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White Noise: L-Vis 1990 – Neon Dreams

Friday, 14 October 2011

L-Vis 1990 – Neon Dreams

Forever You (EP Version)

Lost In Love

James Connolly’s rise to dance importance has been close to meteoric, championing the club night cum label Night Slugs all the way to the top. Night Slugs has spent the last year releasing some of the most interesting and forward-thinking dance singles around, but Connolly stated early on that his debut album as L-Vis 1990 was going to be different. Signed to a sub-imprint of Island, aimed at telling the story of the last year of his life, here he has created a homage to digital pop that sounds like a cleaned up 90s French disco more than anything else. It raises the complex question of throwback that has been bandied around a lot recently: to what extent are you creating new music (i.e. drawing influences from the past), and to what extent are you merely lazily rehashing what has come before? The answer will differ from artist to artist, but it’s not the only uncomfortable question that this album raises.

Connolly is clearly a talented producer, as can be heard with ease in the woozily brilliant Forever You (included on an EP earlier this year) which could become a crossover hit if given the chance. Sadly, it’s the only track that can verifiably be called excellent on this album, and it came out almost a year ago. Elsewhere the largely instrumental tracks shine more than anything else; such as The Beach, a dark and pacey number with a sugary synth-pop tinge. He hits on another winner with the tight Illusions, in which hollow beats underpin meaty bass and a superb breakdown. The problem here is consistency, for every Beach there’s an overworked One More Day, and although the anaesthetized vocals suit the sparse and broody Play It Cool to a T, the exact same over-synthetic feel is the downfall of the too-clean Shy Light and make tracks like Feel The Void verge on self-parodic cheese.

The cheese factor also leads to the downfall of more vocal-heavy tracks, for example the inane lyrics of Lost In Love distract from its simple, clean charms. Likewise the overtly cinematic opener Vague Flashes is rendered ludicrous by the terrible writing (“Vague flashes that trickle over the galaxies for aeons / rapid eye movements laced in memories with neon”). The whole album makes you wonder why a greater effort wasn’t made to find more soulful and interesting vocalists, and why Connolly couldn’t pick between the underground and the pop mainstream, because he ends up fluttering weightlessly between the two: nowhere near enough grit for the underground and too restrained for the pop crowd.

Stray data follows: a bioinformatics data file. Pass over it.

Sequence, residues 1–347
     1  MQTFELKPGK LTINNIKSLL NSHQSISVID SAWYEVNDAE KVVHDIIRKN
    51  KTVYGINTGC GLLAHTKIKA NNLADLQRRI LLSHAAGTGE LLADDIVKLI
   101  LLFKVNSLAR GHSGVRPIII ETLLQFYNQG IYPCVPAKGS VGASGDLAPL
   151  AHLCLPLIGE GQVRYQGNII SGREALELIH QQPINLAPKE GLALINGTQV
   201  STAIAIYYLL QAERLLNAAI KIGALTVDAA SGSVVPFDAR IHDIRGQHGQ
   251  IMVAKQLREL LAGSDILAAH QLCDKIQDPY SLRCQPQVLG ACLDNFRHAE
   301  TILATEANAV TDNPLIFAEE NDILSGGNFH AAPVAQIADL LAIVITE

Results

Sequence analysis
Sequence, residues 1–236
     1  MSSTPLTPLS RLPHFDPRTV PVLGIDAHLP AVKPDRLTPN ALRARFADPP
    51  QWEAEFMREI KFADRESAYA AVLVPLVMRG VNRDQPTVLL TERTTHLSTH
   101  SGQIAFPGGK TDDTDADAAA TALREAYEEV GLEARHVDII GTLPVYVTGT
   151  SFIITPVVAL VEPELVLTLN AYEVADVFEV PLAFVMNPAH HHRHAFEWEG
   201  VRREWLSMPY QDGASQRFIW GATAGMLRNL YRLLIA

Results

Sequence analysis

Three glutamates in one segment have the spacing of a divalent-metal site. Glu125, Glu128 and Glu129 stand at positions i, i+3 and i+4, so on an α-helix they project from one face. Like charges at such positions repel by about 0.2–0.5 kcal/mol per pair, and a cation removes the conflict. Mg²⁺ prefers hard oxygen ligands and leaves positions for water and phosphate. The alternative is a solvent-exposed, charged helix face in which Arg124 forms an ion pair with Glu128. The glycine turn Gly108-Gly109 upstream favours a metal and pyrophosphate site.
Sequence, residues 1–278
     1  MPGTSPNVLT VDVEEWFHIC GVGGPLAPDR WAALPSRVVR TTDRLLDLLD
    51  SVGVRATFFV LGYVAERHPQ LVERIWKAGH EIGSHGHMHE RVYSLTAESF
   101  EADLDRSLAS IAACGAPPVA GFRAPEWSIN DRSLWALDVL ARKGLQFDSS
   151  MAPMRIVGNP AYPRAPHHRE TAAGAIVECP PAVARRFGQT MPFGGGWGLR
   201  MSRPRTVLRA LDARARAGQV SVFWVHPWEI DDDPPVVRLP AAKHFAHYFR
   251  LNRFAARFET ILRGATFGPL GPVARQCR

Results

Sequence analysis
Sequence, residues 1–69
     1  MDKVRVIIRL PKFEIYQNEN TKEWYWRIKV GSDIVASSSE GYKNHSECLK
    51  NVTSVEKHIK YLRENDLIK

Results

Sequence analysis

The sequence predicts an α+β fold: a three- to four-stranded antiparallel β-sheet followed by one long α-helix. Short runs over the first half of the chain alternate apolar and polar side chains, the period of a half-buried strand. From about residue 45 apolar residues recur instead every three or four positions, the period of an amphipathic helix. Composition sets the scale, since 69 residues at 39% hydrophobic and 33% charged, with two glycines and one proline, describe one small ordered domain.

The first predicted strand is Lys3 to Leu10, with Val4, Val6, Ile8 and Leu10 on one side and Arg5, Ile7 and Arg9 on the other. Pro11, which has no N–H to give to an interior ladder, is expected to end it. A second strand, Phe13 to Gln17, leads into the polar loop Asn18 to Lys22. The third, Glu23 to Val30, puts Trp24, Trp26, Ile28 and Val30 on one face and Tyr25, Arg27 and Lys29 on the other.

Despite these problems, there are a few things that I think most reviewers have overlooked to the credit of this LP. The sound quality is lovely with warm honeyed synths, and the tracks are quite well sequenced and mixed together to allow for a diverse and easy listen. Another thought that occurs to me is that in essentially creating a digital pop/ disco throwback fusion, L-Vis is slightly ahead of the current trend. Dance music is slowing down now, and is now more than ever heavily recalling the enormous genres of the past, such as acid house, electro and disco. In this respect Connolly is looking to the future, but unfortunately a fair amount of these tracks fall more on the side of cheap euro-trash disco than the best of the genre. The issue that really surfaces is while a lot of contemporary producers look to past genres for inspiration, this album takes French electro and doesn’t really add anything new to the formula whatsoever, leaving most of the tracks sounding clean but dated. When they do sound fresh, such as on the meaty and intense Cruisin, it sounds good but not good enough to pick L-Vis out of the crowd.

It’ll be clear to anyone with a set of ears that this is nothing like any of Night Slugs’ output to date. And that’s okay, Connolly has admirably gone out to try and do something different. The problem is, this LP reaches towards pop, it reaches towards dance, it reaches towards throwback, but it doesn’t quite do any of these things consistently well enough to give it any sort of clear appeal. I don’t think Neon Dreams deserves the slating it’s critically received, because it’s an okay album. Some of it is even good, but that’s not what you expect from the head of one of the most interesting and important dance labels out there.


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